SDLP Foyle Westminster candidate Mark Durkan has received a joint peace and reconciliation award with David Trimble for “Their work in community integration, equality and peace in Northern Ireland” at a ‘Power Brand Global Forum’ ceremony at the Kia Oval in London on Friday night.

Lord Alf Dubs, noted for his amendment to allow unaccompanied child refugees to be offered safe refuge in the UK, received the award on behalf of Mark Durkan.

Mr Durkan said: “I welcome this award as an acknowledgement of the contribution that colleagues and I made in shaping and negotiating the Good Friday Agreement, ensuring the context of its endorsement by the Irish people North and South, and working for its implementation with new beginnings in politics and policing.

“It is useful to remember that people have to make the compromises and take on the pressure of trying to make them work – when others may have doubts or there is antagonism in terms of trying to hold things up or hold things back.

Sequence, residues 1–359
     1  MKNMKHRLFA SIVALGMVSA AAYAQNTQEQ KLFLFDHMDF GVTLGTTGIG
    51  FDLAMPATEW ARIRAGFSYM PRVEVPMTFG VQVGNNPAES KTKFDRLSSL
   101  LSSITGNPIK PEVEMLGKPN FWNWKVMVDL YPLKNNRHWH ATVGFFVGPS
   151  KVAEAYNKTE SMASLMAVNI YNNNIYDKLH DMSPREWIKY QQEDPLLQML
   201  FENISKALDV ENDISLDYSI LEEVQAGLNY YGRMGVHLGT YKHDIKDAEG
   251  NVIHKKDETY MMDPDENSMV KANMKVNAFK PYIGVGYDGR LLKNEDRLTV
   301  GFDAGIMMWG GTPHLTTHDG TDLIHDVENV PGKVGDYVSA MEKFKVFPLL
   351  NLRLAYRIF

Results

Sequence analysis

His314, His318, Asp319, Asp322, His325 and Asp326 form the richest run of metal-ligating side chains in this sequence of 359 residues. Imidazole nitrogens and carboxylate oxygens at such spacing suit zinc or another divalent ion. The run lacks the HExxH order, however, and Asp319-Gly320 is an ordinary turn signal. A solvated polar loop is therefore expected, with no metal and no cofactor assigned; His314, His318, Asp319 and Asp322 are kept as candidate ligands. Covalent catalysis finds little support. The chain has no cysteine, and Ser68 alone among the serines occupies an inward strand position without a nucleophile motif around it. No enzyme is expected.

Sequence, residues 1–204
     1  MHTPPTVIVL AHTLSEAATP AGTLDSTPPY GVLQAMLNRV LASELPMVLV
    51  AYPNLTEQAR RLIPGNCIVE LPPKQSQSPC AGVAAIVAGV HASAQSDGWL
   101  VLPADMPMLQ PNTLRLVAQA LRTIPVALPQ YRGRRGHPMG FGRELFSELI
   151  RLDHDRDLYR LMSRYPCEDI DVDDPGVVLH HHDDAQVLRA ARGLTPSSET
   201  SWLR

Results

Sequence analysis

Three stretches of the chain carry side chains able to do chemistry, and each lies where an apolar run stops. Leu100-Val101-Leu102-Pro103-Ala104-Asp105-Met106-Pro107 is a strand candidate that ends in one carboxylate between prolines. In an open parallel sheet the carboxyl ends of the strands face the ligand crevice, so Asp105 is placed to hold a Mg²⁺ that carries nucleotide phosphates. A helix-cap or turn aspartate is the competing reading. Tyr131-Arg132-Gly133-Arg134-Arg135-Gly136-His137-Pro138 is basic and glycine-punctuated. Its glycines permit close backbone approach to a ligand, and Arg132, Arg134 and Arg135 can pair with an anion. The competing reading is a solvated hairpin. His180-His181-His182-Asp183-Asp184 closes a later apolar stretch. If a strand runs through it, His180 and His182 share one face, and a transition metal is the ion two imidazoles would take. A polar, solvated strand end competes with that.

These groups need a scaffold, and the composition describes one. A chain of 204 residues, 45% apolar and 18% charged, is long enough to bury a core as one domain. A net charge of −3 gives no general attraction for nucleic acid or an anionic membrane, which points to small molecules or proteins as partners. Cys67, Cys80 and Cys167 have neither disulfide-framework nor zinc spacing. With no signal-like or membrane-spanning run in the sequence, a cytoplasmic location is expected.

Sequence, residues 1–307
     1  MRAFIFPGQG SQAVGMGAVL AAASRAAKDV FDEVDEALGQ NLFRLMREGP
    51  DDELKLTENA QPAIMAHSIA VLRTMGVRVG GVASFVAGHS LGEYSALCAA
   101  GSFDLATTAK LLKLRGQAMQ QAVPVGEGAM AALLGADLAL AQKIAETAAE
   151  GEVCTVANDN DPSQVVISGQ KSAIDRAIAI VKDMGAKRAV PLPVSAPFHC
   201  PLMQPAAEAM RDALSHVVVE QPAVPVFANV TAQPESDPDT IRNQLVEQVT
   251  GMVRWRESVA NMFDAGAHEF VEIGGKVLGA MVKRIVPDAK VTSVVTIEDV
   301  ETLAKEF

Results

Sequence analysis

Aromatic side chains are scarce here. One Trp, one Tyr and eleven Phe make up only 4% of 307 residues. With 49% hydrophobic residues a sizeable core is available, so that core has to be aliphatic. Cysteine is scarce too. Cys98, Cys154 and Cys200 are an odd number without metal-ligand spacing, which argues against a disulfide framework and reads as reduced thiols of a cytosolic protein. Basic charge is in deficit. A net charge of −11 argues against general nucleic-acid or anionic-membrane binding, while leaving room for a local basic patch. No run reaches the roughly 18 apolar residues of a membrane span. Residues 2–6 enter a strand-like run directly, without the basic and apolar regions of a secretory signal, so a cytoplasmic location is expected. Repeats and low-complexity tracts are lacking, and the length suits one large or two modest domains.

“The most important thing to remember, however, is the purpose of the Good Friday Agreement, as signally endorsed by the people of Ireland, to provide a rights-based platform for partnership, equality, co-operation and reconciliation.

“We all need to renew that sense of purpose and those priorities at this time – when the challenges arising from Brexit and the choices we owe each other in the face of new risks need clarity, mutual responsibility and shared endeavour – using the creative potential of neglected or underused aspects of the Good Friday Agreement.

“I was honoured that Alf Dubs, a friend for decades, made himself available to receive this award on my behalf – as someone whose thoughtful work for social justice and human rights I have long admired and been proud to support in Parliament, with a shared membership of a number of All-Party Parliamentary Groups, as well as speaking up and voting for the Dubs amendment on child refugees.”

The citation at the awards ceremony read: “Mark Durkan served as Deputy First Minister of Northern Ireland alongside David (Lord) Trimble between 2001 and 2002, one of the most crucial phases in the Province’s political history.

“Mark was one of his party’s negotiating team during the period leading up to the Good Friday Agreement.  He has been a consistent advocate for civil and human rights, equality and peace, and has been a crucial player in assisting moderate nationalists to find a political voice in a period of history where violence has been the norm.”

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